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NMA announces opening of new office in Houston

Posted by NMA on Apr 24, 2019 12:03:12 PM

Today Nan McKay & Associates celebrated the opening of a new company office in downtown Houston. The Texas office joins the NMA team as the eighth location nationwide, with other offices currently in San Diego, California; Miami, Florida; Tallahassee, Florida; Chicago, Illinois; Frankfort, Kentucky; Georgetown, Kentucky; and New Orleans, Louisiana. The Louisiana office, located in Jefferson Parish, is the most recently opened office preceding Houston. NMA began administering the Housing Authority of Jefferson Parish (HAJP)'s housing choice voucher program last autumn.

The new Houston office will serve as a base for NMA's community development team, which is assisting Harris County with their Hurricane Harvey disaster recovery plan. Catherine Ures, NMA's vice president of professional services, has been instrumental in helping the county establish and implement a response to the Harvey storm in 2017, which inflicted $125 billion in damage in the Houston metropolitan area and Southeast Texas.

"The hardworking people at the Harris County Community Services Department have done an incredible job in getting Project Recovery off the ground, and we're so excited to be a part of this huge initiative," Ures said. “We want Harris County to be a global model for disaster recovery and resilience."

Project Recovery includes an extensive group of disaster recovery programs for which Harris County has so far been allocated $1.2 billion in Community Development Block Grant Disaster Recovery (CDBG-DR) funding from the federal government.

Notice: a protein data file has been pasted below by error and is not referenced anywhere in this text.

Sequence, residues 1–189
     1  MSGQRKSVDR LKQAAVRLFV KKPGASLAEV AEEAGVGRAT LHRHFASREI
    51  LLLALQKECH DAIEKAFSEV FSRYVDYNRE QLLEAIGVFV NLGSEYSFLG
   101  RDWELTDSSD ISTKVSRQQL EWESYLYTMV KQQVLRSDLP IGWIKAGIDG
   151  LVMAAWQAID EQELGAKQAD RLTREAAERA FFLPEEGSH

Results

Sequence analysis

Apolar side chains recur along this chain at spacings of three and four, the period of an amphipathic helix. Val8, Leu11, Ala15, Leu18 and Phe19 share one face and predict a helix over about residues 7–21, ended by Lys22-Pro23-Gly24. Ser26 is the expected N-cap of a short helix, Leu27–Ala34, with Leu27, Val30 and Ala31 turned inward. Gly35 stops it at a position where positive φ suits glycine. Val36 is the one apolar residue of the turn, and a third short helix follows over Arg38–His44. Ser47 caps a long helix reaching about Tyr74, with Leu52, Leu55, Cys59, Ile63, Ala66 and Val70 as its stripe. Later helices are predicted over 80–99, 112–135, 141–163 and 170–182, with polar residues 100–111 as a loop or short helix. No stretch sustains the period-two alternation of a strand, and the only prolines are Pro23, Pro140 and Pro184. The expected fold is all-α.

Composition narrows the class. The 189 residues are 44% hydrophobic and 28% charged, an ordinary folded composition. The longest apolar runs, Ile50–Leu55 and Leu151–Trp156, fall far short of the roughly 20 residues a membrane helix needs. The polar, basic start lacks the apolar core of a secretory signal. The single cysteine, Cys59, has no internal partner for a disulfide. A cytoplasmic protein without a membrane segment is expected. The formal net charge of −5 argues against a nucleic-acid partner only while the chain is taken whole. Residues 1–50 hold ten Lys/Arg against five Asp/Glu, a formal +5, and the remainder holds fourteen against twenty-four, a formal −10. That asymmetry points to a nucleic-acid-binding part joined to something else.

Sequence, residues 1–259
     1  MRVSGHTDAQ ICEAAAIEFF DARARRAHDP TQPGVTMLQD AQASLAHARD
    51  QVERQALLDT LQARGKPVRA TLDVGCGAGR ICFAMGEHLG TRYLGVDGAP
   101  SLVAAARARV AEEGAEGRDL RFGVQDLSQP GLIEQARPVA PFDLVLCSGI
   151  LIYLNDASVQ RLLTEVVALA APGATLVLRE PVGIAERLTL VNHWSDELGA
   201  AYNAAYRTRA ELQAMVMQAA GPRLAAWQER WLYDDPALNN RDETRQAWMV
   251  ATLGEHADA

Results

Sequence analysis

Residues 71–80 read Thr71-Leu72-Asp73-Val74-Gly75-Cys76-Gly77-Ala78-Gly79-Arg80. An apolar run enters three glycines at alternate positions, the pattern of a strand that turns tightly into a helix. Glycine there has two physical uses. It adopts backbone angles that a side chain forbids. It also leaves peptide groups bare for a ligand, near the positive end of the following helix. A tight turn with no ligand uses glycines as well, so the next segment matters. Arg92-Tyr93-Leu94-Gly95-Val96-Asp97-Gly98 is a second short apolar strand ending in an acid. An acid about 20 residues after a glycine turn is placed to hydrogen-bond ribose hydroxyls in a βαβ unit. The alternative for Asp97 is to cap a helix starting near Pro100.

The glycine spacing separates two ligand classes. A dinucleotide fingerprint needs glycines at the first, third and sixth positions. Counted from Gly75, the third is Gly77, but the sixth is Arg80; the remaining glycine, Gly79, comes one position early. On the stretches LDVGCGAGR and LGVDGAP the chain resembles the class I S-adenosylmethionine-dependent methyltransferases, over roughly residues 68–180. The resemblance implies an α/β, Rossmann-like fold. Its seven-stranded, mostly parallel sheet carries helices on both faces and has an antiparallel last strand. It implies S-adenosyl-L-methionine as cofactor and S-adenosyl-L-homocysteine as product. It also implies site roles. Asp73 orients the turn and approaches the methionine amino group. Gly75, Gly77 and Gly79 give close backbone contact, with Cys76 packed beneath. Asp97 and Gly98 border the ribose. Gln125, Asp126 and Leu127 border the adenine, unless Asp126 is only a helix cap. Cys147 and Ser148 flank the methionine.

Founded in 1980, NMA has led disaster recovery programs in Missouri, Texas, Louisiana, and South Carolina. The company also administers more than 75,000 vouchers at housing authorities nationwide. With offices in across the United States, the San Diego-based, woman-owned company is a leader in program administration and community development strategies, including resilience planning. For more information, visit www.nanmckay.com, or call (800) 783-3100.

Learn more about resilience planning

Topics: disaster programs, CDBG-DR, company news, disaster recovery, climate and disaster resilience

Community development and housing news

Posted by NMA on Apr 2, 2019 12:51:20 PM

Community development and housing news for April 2, 2019

Landmark decision in Connecticut fair housing case, new UPCS requirements for inspecting carbon monoxide detectors, VAWA reauthorization bill, and other stories we're following this week.

Breaking news

In a landmark civil rights decision, the Connecticut federal District Court established for the first time that consumer reporting agencies must comply with the Fair Housing Act when conducting tenant-screening services for landlords.